Going to the gym, taking your daily walks, and even swimming are all marvellous and easy ways to get your body moving. But they’re just missing that bit of oomph that some of you may be looking for. So if you’re trying to find ways to upgrade your exercise game, we’ve got some new sports for you to run with this year.
1. Tag Rugby
Traditional rugby is a great team game but it doesn’t lend itself to people looking to get injured every weekend. Tag rugby is a great alternative for those looking to skip out on the tackling aspect of its parent sport and encourages a beginner-friendly environment, with routes to high-level competitive games. Tag rugby benefits people of all ages, providing a safe and positive outlook on the otherwise seemingly assertive alternative, rugby.
2. Frisbee Golf
This sport may be an anomaly to most but the concept of frisbee golf is a simple one. The sport is similar to traditional golf but instead of using a club and ball, a frisbee is used in its place. The frisbee is thrown into a series of different chain nets from a set ‘tee pad’. The goal is to throw the frisbee in as few throws as possible whilst each throw is ‘tallied’ just as is the case in the rules of golf. Frisbee golf is a great sociable sport that can be played solo but it is far more enjoyable to play as a team.
3. Rock Climbing
No, we’re not expecting you to go scale a mountain or climb a cliff face. It can be as simple as just popping down to your nearest indoor climbing centre to get started with this sport. This sport is brilliant for all age types as there are no expectations. You can set your boundaries, goals and limits depending on your comfort and desire. There is no notion of climbing all the way to the top and no official time limit however the sport allows you to challenge yourself and set those parameters.
Kayaking is a great water sport for those looking for a little more adventure and it is great for your upper body, core and coordination. Similar to rock climbing, you can set your pace with kayaking. Whether you’re wanting to go on treacherous waters, kayak as a team competitively or just take a solo trip down a calm relaxing stream, kayaking allows for all of the above and more.
5. Roller skating
Roller skating is definitely a less ‘sporty’ sport but still gets you up and moving nonetheless. There’s no real end goal, just practice and enjoy. It’s a great sport to get sociable with (although can be enjoyed alone). As well as encouraging some healthy socialising, roller skating is easy on the joints, making it a great sport for anybody, of any age, who suffers from slightly weaker joints and wants something that will have little impact. Unless you fall over that is.
Is tennis a consideration for you but just not quite what you’re looking for in a sport? The solution could be to try out badminton. Badminton is played using a badminton racket and either a plastic or feather shuttlecock. The promotion of blood circulation and lowered blood pressure provides benefits such as improved lung health and healthier heart function.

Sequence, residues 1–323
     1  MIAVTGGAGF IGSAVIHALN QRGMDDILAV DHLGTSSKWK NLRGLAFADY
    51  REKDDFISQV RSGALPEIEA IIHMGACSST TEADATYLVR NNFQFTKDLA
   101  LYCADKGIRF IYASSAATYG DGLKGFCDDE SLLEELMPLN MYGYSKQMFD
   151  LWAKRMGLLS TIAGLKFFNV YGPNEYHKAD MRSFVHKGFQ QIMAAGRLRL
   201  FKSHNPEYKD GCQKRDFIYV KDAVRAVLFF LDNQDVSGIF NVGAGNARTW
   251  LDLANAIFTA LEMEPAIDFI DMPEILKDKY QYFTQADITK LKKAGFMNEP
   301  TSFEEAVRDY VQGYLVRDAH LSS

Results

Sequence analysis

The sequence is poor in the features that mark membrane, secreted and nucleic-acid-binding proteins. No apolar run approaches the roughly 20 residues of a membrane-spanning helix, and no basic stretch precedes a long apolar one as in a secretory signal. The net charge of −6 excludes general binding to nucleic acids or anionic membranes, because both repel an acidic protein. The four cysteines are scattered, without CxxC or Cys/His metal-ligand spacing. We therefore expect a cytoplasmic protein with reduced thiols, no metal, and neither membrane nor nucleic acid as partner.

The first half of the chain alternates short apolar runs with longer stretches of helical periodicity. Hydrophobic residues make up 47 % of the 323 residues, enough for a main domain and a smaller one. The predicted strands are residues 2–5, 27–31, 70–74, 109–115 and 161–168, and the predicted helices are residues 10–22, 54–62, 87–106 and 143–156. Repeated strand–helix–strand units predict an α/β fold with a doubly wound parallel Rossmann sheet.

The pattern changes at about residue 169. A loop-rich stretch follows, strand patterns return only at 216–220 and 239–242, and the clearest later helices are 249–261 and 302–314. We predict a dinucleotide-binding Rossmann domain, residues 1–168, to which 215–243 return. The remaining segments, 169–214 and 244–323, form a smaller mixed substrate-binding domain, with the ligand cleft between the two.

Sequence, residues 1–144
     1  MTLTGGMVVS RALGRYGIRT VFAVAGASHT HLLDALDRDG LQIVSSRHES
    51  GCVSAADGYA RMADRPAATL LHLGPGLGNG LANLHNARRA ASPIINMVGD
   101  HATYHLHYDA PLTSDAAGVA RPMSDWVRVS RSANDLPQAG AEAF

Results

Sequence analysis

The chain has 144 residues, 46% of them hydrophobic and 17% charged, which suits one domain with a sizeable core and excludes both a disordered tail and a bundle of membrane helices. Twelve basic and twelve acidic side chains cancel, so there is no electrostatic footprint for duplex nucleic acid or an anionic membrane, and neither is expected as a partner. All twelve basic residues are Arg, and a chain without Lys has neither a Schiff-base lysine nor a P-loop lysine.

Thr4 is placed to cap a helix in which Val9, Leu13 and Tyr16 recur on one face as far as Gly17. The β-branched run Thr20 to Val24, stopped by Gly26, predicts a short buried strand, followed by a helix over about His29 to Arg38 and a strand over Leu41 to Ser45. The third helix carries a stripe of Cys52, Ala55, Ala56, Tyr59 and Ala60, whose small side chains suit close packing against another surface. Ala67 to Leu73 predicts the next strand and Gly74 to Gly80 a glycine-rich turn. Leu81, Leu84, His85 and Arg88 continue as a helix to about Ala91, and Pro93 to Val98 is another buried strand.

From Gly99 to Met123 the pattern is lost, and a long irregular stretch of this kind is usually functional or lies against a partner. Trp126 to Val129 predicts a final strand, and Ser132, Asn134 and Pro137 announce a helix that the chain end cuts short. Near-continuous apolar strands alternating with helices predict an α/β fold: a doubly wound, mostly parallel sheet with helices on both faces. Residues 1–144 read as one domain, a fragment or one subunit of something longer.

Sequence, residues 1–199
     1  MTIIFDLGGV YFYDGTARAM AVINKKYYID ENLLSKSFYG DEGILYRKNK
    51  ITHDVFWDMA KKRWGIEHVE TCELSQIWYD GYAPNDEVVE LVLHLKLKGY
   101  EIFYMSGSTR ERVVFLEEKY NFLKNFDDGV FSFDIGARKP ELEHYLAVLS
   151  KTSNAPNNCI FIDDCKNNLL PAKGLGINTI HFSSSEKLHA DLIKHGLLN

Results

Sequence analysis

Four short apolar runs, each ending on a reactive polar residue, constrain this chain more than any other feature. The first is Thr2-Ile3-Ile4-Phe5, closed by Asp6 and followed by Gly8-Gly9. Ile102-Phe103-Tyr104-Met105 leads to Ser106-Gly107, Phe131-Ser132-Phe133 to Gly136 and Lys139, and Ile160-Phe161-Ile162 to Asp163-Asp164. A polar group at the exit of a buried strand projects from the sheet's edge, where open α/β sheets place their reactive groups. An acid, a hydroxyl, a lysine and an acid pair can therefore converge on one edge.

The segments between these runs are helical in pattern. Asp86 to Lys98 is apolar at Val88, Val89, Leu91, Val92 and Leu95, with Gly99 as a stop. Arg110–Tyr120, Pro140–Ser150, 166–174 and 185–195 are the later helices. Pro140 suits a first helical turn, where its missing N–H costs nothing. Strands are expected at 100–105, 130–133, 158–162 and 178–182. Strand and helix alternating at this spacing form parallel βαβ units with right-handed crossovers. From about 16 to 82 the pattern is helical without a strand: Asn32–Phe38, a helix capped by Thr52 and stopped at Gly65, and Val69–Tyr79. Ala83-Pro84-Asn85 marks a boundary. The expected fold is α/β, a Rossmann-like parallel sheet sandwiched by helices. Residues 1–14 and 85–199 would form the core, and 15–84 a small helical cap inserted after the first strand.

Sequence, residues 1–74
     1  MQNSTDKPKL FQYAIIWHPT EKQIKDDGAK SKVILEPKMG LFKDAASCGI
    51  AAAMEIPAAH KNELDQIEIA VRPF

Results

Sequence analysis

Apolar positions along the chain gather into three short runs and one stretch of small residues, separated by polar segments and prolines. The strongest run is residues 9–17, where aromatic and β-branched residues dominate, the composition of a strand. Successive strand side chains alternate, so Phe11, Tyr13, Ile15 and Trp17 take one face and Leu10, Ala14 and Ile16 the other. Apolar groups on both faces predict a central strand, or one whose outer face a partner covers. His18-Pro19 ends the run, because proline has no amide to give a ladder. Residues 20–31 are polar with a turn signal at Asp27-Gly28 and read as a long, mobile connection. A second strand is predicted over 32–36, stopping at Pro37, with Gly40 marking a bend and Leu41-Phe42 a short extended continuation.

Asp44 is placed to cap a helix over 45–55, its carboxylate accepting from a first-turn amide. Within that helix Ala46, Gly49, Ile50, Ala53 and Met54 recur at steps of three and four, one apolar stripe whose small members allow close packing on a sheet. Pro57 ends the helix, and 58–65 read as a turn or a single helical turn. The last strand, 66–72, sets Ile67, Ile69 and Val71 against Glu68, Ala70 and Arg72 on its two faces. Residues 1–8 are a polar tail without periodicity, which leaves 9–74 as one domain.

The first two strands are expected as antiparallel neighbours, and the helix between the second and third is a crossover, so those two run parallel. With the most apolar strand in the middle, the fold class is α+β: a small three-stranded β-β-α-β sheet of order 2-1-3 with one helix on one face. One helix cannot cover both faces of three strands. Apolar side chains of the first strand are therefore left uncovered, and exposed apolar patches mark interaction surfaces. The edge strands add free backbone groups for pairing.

7. Lawn Bowls
Contrary to tag rugby, lawn bowls is often portrayed as an ‘older person’s sport’. Whilst statistics show that roughly 92% of bowls players are of the age 45 and above, the sport is most definitely not limited to middle-aged and older individuals. The collaborative nature of lawn bowls means that your team working ability is strengthened through the sport. Working in either a pair or part of a small team in this competitive sport allows for exercising your cognitive function.
This one is for those seeking a sport with a more competitive essence. Whilst there are still plenty of regulations to abide by in dodgeball, it certainly does allow for some good old releasing of steam. The concept is in the name of the game – dodge the ball. In addition to the typical health benefits of sports such as weight loss and improved flexibility, dodgeball helps to improve some truly valuable skills including hand-eye coordination, increasing strength and developing quicker reflexes.
If you fancy a more picturesque sports activity, surfing could be the way to go. Whilst it’s not quite an easy sport and does require plenty of practice and patience, surfing most definitely does feel greatly rewarding. The art of surfing requires you to break many barriers and overcome varying obstacles but in achieving these, you’re enforcing self-discipline and amplifying your mental resilience. Not only is surfing beneficial for your physical health and fitness but it’s also a truly wonderful way of becoming attuned with nature. Because this sport requires you to take to the water, your balance skills will be really put to the test.
10. Water Polo
A lot of the rules and principles carried in basketball translate to water polo, with the biggest differentiating factor being that the sport is played typically in a pool (or any body of water). One of the biggest benefits you get from playing this sport is the incredible impact it has on your core. Because your legs will need to be engaged with paddling, your abdomen becomes the driving power needed for this sport. The twists and turns needed for directing the ball in water polo exercises and strengthens your core immensely.
With the summer looming there is never a better time to take up a new sport or hobby. Whether your intention with a new sports activity is for health reasons or just to socialise, there’s something for everyone.
Remember though, no matter how simple or excruciating the sport, it’s important to ensure that you stay safe whilst practising and stay educated on preventing sports injuries.